Written by Puff Staff

Monday, 03 October 2011

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IPCPR Disagrees with Proposed Smoking Ban in Boise, Idaho


Boise, Idaho, could see increased restrictions on public smoking if City Council approves a new city ordinance that would add to the already strict statewide smoking ban. Dubbed the Smoke Free Air Ordinances, the new restrictions would prohibit smoking in bars, tobacco shops, and home-based businesses. As it stands, Idaho currently bans smoking in restaurants and similar public areas.

One group that will do its best to stop the Smoke Free Air Ordinances from being passed is the International Premium Cigar and Pipe Retailers Association (IPCPR), which says that the proposed ban not only goes against logic, but would also bring with it several negative consequences. The IPCPR has formidable opposition, as proponents of the ban are using survey statistics from Boise residents to bolster their stance that secondhand smoke produces dangerous health effects.

IPCPR CEO Bill Spann noted that the surveys are biased in terms of sheer numbers, and that minority groups (smokers) must be protected from the majority (non-smokers). “It’s the tyranny of the majority. There are more non-smokers than smokers, so if you take a poll and ask the right questions the wrong way, you will get a majority that favors such a draconian smoking ban. That doesn’t make it the right thing to do,” Spann said in the press release posted on PRWeb.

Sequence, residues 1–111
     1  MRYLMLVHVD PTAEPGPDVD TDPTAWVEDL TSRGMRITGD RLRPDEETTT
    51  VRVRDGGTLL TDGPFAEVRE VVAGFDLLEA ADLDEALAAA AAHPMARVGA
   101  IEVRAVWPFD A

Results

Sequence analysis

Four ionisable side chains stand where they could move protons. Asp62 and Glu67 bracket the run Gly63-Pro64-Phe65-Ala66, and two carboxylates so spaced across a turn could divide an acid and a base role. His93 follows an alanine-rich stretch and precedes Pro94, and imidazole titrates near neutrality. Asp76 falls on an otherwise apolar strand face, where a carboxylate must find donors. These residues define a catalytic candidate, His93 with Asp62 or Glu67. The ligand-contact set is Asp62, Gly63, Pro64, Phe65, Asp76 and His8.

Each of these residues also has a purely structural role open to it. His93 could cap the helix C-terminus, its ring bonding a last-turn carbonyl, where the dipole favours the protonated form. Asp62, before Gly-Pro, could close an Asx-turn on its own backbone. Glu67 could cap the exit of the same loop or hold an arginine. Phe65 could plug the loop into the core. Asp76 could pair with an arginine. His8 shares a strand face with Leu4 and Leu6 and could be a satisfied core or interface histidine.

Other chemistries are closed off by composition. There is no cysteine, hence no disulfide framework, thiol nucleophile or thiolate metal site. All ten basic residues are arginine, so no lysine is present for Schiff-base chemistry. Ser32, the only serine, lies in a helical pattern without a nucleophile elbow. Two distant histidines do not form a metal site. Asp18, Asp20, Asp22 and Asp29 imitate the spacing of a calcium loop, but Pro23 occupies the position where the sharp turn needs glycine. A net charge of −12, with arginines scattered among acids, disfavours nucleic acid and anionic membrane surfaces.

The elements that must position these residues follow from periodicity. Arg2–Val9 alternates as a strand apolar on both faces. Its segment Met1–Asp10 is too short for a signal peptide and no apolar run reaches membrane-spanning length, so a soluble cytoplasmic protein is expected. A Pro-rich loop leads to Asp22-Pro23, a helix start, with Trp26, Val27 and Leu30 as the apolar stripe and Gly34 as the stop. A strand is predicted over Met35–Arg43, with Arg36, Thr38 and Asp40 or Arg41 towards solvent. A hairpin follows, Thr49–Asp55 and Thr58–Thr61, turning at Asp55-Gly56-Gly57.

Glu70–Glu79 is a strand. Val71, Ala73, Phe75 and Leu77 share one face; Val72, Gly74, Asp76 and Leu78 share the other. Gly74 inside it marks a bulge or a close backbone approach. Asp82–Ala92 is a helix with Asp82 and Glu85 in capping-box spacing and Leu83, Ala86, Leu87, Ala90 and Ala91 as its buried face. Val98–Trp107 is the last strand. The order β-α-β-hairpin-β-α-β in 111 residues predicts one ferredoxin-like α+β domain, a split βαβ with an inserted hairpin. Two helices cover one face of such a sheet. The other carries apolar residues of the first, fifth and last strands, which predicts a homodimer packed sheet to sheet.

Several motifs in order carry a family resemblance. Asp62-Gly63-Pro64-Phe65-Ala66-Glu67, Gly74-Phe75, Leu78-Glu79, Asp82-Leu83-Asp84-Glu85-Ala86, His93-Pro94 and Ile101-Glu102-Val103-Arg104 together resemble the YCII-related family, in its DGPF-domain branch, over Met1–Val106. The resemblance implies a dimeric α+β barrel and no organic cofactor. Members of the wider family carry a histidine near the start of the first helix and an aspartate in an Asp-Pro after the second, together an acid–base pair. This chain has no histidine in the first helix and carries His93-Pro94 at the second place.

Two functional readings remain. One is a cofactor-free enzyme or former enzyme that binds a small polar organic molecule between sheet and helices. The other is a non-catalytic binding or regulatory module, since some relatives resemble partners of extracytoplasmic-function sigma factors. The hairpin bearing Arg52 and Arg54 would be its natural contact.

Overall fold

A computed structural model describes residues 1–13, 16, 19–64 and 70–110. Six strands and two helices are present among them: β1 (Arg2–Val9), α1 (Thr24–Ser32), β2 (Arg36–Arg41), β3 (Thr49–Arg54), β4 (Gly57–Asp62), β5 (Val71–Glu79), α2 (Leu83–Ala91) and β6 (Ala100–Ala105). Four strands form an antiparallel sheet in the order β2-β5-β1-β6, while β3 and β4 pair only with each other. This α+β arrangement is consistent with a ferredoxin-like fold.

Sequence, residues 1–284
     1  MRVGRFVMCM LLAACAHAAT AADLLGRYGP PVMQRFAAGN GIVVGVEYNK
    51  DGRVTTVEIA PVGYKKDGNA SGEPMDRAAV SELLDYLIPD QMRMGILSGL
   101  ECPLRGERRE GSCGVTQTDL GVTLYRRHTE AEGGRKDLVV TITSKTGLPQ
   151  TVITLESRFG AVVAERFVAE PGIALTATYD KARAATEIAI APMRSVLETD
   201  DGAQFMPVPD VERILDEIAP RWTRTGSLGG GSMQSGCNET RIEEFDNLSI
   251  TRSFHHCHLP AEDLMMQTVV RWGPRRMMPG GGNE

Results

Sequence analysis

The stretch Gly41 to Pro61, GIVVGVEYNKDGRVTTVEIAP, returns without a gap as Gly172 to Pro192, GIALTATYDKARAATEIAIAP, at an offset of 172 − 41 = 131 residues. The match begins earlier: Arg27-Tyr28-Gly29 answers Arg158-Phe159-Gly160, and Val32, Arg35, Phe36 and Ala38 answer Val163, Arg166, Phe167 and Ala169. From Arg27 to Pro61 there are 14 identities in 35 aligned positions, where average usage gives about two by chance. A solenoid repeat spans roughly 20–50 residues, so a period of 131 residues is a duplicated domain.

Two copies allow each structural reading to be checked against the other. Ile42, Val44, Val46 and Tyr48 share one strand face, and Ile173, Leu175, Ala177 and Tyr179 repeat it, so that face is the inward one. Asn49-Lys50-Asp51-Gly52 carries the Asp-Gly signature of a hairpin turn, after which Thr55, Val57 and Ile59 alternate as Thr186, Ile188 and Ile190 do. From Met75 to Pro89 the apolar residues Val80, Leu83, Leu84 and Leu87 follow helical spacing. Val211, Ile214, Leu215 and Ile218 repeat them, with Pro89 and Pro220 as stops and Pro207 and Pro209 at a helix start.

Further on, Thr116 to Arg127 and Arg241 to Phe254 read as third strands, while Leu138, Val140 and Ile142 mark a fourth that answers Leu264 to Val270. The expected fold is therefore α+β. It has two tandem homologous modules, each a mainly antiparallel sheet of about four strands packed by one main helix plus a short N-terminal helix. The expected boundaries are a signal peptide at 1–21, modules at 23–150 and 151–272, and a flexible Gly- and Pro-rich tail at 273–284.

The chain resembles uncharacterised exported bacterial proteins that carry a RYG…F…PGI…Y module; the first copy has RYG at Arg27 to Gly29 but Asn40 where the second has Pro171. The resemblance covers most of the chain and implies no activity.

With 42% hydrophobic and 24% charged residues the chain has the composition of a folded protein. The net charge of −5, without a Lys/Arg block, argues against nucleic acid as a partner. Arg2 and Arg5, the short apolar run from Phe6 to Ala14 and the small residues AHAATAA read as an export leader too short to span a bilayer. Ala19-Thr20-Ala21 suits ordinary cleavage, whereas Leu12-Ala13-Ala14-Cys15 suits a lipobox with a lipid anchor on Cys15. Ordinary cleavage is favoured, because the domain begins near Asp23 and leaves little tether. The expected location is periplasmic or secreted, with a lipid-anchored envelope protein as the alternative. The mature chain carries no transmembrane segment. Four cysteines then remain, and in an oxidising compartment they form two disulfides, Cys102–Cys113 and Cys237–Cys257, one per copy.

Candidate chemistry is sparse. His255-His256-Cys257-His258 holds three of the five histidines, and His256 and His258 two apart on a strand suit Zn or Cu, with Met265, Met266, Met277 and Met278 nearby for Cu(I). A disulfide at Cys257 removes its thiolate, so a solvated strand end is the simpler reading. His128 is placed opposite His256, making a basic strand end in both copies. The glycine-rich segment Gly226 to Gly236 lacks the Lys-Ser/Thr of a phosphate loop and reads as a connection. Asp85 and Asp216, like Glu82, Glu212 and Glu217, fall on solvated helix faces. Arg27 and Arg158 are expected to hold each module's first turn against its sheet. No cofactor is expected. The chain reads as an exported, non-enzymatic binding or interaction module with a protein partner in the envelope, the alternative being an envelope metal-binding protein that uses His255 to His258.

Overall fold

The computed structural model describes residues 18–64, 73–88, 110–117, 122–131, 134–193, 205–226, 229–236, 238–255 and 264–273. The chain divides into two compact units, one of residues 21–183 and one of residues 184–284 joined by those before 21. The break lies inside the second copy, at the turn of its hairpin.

Spann countered the ban’s proponents claims that all levels of secondhand smoke are harmful to workers and patrons of establishments that allow smoking. He noted: “There is a safe level of secondhand smoke and it was established by OSHA – the Occupational Safety and Health Administration of the U.S. Department of Labor. OSHA has set safe levels of secondhand smoke that are as much as 25,000 times higher than levels of secondhand smoke found in restaurants and bars that permit smoking.”

While Spann certainly debunked the negative impact of secondhand smoke by citing OSHA’s regulations, he added another reason to reject Boise’s proposed ban. As has been the case with other locations in the United States that have implemented strict bans, Spann believes that the local economy would suffer. “Most cigar stores are family-owned small businesses led by mom-and-pop operators who are pillars of the communities they serve, providing thousands of jobs and paying millions of dollars annually in payroll, sales and excise taxes. Revenues will be down, jobs will be lost and businesses will suffer because of legislated bans,” he said.

Rather than instituting bans that govern how adults conduct their daily activities, Spann and the IPCPR believe that business owners should be able to create their own smoking policies. It definitely makes sense, and Boise’s smoking community can only hope that City Council agrees.

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